The term "biodegradable" has been used over the past few years, to describe plastics or packaging that could potentially be metabolized by microorganisms in nature, with complete breakdown to CO2/Methane, water and biomass. However, there is significant confusion and controversy surrounding biodegradable plastics since many suppliers have used the term to loosely describe their material/packaging without specifying the conditions under which the material would degrade in nature. For instance, some plastics (like PLA) will only degrade under industrial composting conditions, while some others (like PHA) can break down under a wider range of conditions and environments (industrial, backyard, marine). Given this widespread confusion and the misuse of the "biodegradable" term, many global government and industry organizations have issued guidelines to restrict or eliminate the unqualified use of biodegradable as a descriptor of plastics or packaging. These include the European Commission guidelines (European Plastics Strategy) and the Federal Trade Commission Green Guides in the US.
In line with such guidelines, Ubuntoo's recommends that companies providing biodegradable materials, products or packaging:
1.Avoid unqualified use of the term "biodegradable" to describe their products
2.Any claim of biodegradability should be accompanied by a description of specific conditions and environments under which the material or product will undergo degradation in nature
3.It is strongly recommended that companies provide globally accepted certifications or testing for various biodegradability claims (such as the BPA certification for industrial composting)
Further in line with the position articulated by the European Commission as well as major CPG companies, Ubuntoo recommends that "biodegradable" plastics should not be considered a solution for littering (or worse a license to litter). Appropriate collection and end-of-life solutions (such as industrial composting or home composting) need to be put into place to avoid biodegradable plastics ending up as litter in the environment.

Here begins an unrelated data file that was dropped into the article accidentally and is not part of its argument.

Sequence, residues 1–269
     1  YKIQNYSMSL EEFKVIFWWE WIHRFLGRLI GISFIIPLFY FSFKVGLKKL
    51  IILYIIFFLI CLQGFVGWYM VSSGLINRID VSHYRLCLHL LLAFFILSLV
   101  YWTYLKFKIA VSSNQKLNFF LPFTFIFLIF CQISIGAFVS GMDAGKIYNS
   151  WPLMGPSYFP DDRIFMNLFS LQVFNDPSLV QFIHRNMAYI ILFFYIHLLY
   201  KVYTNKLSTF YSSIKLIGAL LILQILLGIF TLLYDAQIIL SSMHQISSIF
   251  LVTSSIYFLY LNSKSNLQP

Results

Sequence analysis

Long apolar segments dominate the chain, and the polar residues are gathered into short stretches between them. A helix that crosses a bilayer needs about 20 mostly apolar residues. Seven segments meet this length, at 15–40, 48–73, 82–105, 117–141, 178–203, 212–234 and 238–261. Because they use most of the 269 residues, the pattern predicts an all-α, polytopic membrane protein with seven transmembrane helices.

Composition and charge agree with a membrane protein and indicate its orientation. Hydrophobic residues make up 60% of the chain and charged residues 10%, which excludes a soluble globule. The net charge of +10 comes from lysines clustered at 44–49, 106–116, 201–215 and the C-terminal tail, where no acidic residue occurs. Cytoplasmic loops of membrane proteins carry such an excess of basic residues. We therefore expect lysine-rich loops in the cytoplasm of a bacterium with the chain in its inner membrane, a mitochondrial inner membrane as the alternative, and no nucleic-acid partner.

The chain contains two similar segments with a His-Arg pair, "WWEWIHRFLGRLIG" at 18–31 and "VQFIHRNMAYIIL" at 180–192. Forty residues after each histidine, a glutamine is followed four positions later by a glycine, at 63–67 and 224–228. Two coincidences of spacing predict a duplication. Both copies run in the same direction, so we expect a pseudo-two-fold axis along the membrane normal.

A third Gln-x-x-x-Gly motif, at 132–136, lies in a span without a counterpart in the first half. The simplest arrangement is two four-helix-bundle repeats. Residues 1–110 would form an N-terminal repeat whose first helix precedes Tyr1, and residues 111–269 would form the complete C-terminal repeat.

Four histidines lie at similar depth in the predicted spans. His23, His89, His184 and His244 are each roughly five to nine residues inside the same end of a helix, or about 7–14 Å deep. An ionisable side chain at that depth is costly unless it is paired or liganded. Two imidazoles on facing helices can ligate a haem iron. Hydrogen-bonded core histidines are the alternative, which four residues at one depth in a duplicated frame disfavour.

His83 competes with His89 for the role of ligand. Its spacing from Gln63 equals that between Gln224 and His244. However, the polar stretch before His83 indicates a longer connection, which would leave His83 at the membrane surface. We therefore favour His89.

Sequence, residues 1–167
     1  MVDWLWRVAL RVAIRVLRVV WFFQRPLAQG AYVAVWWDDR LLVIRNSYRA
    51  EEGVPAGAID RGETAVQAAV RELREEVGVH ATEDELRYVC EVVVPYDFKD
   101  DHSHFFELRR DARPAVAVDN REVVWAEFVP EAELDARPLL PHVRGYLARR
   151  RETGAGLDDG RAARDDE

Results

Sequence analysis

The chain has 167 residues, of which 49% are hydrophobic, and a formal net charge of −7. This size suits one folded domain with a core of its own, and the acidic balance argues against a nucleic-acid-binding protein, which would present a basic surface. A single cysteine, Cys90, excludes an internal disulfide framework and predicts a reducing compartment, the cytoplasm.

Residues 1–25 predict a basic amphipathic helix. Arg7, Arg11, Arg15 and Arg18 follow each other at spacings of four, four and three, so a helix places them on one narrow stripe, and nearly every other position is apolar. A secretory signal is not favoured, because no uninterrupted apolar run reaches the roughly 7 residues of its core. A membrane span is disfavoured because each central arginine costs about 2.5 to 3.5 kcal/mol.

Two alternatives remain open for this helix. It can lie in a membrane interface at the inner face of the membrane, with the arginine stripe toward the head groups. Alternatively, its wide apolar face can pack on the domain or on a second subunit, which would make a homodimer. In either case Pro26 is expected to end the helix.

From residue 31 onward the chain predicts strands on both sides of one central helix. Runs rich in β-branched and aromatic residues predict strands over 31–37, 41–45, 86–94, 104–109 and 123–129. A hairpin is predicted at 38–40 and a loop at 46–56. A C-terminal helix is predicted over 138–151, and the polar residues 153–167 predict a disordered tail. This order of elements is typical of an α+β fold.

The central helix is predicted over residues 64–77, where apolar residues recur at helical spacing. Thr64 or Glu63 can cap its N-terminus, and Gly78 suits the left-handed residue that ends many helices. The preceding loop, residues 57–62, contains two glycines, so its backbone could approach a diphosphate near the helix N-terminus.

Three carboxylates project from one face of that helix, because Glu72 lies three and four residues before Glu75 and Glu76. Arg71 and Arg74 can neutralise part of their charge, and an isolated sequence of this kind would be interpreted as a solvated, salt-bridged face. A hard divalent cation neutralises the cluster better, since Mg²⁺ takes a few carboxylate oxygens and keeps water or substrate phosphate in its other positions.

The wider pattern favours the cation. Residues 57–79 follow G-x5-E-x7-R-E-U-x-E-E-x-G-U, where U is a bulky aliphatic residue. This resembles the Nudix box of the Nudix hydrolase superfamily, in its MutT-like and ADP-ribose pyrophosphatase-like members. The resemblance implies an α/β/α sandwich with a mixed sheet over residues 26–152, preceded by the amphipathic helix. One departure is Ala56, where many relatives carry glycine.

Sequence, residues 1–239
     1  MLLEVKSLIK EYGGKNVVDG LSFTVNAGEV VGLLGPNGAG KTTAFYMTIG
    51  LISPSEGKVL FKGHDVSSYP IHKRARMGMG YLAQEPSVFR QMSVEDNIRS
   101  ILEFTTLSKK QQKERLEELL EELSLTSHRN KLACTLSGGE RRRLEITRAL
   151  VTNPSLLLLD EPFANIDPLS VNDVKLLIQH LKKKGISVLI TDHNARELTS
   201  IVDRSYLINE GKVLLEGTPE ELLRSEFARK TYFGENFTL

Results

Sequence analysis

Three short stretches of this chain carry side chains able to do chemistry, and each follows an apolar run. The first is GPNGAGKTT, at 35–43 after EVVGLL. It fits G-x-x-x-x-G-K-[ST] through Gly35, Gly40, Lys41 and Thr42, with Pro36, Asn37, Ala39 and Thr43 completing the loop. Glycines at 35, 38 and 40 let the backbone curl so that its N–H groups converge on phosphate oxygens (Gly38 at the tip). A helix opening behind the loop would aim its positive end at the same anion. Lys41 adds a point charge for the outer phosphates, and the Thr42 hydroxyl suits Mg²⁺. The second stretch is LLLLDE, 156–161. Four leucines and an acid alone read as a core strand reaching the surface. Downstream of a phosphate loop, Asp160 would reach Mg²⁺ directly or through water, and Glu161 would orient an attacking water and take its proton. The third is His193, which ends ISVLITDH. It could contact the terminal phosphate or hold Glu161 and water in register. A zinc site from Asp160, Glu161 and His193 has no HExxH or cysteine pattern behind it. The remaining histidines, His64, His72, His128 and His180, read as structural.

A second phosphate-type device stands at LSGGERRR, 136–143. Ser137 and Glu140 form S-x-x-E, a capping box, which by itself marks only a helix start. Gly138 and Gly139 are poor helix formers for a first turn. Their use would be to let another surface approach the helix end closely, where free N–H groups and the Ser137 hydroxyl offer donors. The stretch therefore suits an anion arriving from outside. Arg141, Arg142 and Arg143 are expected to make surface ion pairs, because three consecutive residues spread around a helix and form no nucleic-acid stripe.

Thank you for your interest in Ubuntoo. We’re excited that you’re here! To continue, you’ll need an account with us.
To tackle Thailand's trash problem,UBPack uses a unique formula to create zero-waste packaging from cassava and bamboo.
The Thai Patent and US Patent of KU-Green (Kasetsart University) have confirmed its innovation. UBPack is a biodegradable starch-based material that can be decompose by biological means (microorganism) into elements of nature like carbon, oxygen and hydrogen. Environment-wise, UBPack is genuinely an environmentally friendly product and does not cause harm to the natural ecosystem. The packaging with no coating is 100% biodegradable. However the food packaging type that need coating for water resistance is now 90% biodegradable as the coating is not biodegradable at the moment. But they are working on it to get it fully compostable.
UBPack products are made of naturally occurring materials, mainly cassava starch and plant celluloses. They use as well the waste of bamboo chopsticks to make the product stronger.
The products are well designed to satisfy during service and will generally return back to the nature after use under normal composting conditions. Due to its starch polymer cellular structure, UBPack has variety of application such as insulation properties, hot and cold resistant, hydrophilic (very good for cosmetics) etc.
They will dissolve in room temperature water within a week, or under humid soil at room temperature within a few weeks without leaving any waste behind. In a compost, it will take a few months.